Scott Richert, editor of Chronicles Magazine and the About.com Catholicism expert, has written a series of enlightening articles about Catholicism and Halloween, why Christians should celebrate the holiday, and where a lot of misconceptions about Halloween come from. These articles will be interesting to secular-minded readers as well. I’ll summarize them below, but you can read all three at these links: “Halloween, Jack Chick, and Anti-Catholicism,” “Why the Devil Hates Halloween,” and “Should Catholics Celebrate Halloween?”
This afternoon I watched a special 30th Anniversary theatrical showing of Jim Henson’s final film, Labyrinth. I loved Labyrinth as a kid. It was the only VHS tape my grandma owned, and I watched it every time we visited. Seeing it in the theater was definitely an experience worth having. I was surprised to learn Labyrinth did not do well at the box office. I suppose seen for the first time through the eyes of an adult, it would seem like a silly movie. But to a child, it’s magical.
Henson’s puppets are finely crafted and the sets and characters are unique and entertaining. The music by David Bowie and Trevor Jones is outstanding. It’s a testament to the quality of the film that rather than be forgotten, 30 years later it’s being replayed in theaters around the nation.
Released in June 1986, Labyrinth is the story of a teenage girl, Sarah (played by Jennifer Connelly), who must journey to the center of a complex labyrinth to rescue her infant brother, Toby, who has been kidnapped by Jareth (played by David Bowie), the Goblin King. Along the way, she makes friends with colorful characters like Hoggle, a dwarf; Ludo, a large hairy beast; and Sir Didymus, a tenacious Fox Terrier. The film was a commercial disappointment, losing $12 million. Depressed by the failure, Jim Henson never made another feature film. He died four years later, in 1990.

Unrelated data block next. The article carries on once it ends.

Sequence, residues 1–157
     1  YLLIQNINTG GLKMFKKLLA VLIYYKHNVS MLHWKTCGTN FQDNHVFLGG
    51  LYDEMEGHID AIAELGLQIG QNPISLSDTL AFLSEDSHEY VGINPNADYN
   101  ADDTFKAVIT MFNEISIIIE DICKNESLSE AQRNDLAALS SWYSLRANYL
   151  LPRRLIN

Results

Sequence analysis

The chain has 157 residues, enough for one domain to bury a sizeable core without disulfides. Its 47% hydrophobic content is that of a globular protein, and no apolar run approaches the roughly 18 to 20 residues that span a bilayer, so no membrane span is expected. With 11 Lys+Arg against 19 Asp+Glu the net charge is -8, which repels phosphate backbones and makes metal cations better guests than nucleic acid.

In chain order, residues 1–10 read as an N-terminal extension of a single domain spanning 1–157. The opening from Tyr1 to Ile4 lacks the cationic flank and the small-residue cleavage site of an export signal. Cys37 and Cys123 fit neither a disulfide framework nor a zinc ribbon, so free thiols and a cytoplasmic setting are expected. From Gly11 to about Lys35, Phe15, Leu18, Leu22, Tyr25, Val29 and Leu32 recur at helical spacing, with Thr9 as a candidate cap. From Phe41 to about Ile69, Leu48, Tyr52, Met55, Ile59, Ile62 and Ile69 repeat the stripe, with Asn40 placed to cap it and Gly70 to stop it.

The 30th Anniversary theatrical showing included interviews with Jennifer Connelly (who was 14 years old in 1986) and Jim Henson’s son, Brian, as well as a look at the Henson collection at the Center for Puppetry Arts in Atlanta, Georgia. It showed the care and detail that went into making the puppets. In Labyrinth, two brass door knockers seem to come to life. The door knockers are not CGI: they were actually made of foam painted to look metal. The illusion holds up even on the big screen.
I’ve always thought that CGI hasn’t come close to the puppets, miniatures, and practical effects of the 1980s in terms of realism. There’s something too clean, too perfect and precise about CGI. Labyrinth does use some effects like matte paintings and green screen that look terrible, but overall the effects quality is solid. Interestingly, Labyrinth contains one of the first uses of a CGI animal in a film–the owl in the opening credits.